James Hong is the living definition of a screen legend, having appeared in literally hundreds of films, TV shows, and video games as an actor. Some of his most notable roles include appearances in Blade Runner, Big Trouble in Little China, The Golden Child, and the Kung Fu Panda series — he memorably fought Wayne Campbell over the hand of his daughter in Wayne’s World 2, and just this spring provided the voice of local elder Mr. Gao in Pixar’s Turning Red.
And then there’s Everything Everywhere All at Once, the genre-warping, mind-bending exercise in multiverse-hopping written and directed by Daniels. In the film, Hong, 93, plays Gong Gong, father to Evelyn (Michelle Yeoh) and grandfather to Joy (Stephanie Hsu) — traditional in his ways and a disapproving figure in Evelyn’s life, Gong Gong does warm up to his family by the end of the film, as they all ultimately grow closer through a strange confluence of events.
Hong, speaking one-on-one with Consequence, was more candid than stars usually are about the experience of working on a film. (Also, “Too much work — I’d rather sleep” was his response to the question “How are you today?”; a very relatable sentiment.) In the interview below, transcribed and lightly edited for clarity, he mentions his issues with Everything Everywhere’s length, while mourning some of the cuts that were made, including elements he’d improv’ed on set.
He also, to be clear, has many, many positive things to say about the experience of making the film in general and working with Yeoh in particular. He also shares some details about the project he hopes he might get to make in the future — something that, even after literally hundreds of other projects, would be something he’d never done before.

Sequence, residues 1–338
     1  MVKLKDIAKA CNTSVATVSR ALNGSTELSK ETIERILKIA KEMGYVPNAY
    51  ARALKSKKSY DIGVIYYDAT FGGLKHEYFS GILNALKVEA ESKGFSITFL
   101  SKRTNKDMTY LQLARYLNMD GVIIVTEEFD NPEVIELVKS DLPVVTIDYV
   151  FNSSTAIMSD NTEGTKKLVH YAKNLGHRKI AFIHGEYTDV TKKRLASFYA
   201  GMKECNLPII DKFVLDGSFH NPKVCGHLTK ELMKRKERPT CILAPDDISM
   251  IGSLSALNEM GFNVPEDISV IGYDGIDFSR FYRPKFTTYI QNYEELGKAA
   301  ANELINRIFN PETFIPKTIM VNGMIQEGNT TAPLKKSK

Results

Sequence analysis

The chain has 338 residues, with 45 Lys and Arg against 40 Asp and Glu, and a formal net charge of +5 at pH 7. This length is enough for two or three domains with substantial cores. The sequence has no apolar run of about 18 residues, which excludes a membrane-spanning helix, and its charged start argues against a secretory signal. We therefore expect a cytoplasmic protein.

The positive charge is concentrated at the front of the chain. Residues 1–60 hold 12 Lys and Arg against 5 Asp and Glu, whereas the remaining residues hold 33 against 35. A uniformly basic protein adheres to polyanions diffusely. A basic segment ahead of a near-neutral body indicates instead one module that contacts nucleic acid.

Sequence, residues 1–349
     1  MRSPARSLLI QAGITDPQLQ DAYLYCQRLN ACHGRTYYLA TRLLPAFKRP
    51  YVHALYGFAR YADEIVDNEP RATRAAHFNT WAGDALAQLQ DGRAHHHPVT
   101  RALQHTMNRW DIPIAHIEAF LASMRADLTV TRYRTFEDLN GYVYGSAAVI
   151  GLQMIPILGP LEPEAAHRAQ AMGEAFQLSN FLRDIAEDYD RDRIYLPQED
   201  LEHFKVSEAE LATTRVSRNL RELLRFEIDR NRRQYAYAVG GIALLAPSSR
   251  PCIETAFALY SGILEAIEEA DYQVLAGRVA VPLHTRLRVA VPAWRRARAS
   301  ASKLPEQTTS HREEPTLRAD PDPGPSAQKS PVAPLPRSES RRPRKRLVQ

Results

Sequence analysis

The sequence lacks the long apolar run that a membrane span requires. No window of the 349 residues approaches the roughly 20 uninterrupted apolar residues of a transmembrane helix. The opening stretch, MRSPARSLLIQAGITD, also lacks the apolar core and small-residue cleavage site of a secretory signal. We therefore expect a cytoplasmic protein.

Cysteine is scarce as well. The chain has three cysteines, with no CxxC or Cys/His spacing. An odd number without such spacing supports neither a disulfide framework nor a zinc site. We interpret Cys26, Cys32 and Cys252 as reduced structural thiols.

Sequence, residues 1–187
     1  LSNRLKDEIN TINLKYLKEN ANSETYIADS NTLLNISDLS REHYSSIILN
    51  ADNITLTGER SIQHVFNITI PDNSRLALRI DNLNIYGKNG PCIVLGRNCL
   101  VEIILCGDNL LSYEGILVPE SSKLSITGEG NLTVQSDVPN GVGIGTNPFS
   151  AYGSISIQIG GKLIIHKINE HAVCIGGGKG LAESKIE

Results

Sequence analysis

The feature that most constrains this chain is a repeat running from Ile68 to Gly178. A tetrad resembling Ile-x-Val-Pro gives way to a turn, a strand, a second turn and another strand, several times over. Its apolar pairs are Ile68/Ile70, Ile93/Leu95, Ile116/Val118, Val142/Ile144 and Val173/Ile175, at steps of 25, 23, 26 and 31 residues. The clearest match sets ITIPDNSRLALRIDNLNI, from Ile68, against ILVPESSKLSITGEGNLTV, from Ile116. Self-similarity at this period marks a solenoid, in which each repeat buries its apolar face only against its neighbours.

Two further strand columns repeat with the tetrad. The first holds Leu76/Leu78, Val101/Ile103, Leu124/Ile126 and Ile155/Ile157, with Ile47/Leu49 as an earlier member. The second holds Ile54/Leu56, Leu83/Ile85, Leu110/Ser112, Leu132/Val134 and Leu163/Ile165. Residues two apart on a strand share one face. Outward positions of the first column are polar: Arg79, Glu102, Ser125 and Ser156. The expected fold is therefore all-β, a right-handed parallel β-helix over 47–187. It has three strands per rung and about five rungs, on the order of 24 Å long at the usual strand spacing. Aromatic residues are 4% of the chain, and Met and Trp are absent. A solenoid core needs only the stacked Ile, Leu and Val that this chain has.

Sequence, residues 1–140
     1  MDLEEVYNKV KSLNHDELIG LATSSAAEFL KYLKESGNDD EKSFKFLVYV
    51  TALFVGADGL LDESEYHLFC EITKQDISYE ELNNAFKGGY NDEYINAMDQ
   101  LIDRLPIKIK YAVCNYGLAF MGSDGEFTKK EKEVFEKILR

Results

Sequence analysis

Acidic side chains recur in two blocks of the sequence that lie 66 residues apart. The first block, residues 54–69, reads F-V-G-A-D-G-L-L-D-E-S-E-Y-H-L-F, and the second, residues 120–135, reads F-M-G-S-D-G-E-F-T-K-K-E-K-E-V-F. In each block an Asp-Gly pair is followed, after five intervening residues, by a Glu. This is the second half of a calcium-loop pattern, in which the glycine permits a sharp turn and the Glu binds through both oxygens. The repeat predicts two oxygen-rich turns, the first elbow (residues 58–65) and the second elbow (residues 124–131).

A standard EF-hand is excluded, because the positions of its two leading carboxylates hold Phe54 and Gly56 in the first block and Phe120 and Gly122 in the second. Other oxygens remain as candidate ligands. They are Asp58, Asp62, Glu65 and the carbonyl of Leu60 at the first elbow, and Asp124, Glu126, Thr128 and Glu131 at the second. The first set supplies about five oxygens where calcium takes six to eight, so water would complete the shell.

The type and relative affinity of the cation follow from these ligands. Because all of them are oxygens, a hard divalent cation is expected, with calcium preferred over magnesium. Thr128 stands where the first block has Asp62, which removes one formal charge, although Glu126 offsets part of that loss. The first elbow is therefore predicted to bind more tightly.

[Editor’s note: The following contains spoilers for Everything Everywhere All at Once.]
To start, I always notice that when actors get to sit down for long periods of time in a movie — like you get to do in this movie with the wheelchair. It must be a relief not to stand for a long time when they’re setting up shots and so forth.
You know, I didn’t really mind standing or sitting. That wheelchair was a horrible one, as you can see from the film. But it was nice to have people wheel me around, especially since we were at this so-called studio, which was actually a deserted federal building. There were long corridors to get from one set to another, so there was someone wheeling me around from one set to another. That was very good instead of having to walk three miles down the hallway. There are a lot of pluses.
How did you get involved with the film?
That’s going way back, because they kept postponing the shooting date. I think it was because they wanted some special actress to play some role. I kept waiting and I got really tired of waiting. Finally, they said they were going to go. Thank goodness they did, because it was just prior to the Covid pandemic. We got through with it on the last day just before they shut everything down. We started — I forgot the month, even, let’s say December 2019. It’s hard to remember.
I got into a little house they rented, it was a production office, and I read the role with them. In a way, when you look at the film, I’m a natural for the grandfather.
Did they just reach out and say, “Here’s a script. What do you think? Do you want to be in this?”
Basically, pretty much like what you said. “Here is the role, it speaks some Cantonese” — which I do, but very limited. When I got in trouble with my Cantonese, Michelle Yeoh would just say, “No, it’s this way.” She is brilliant with all languages — she is such a brilliant woman and actress.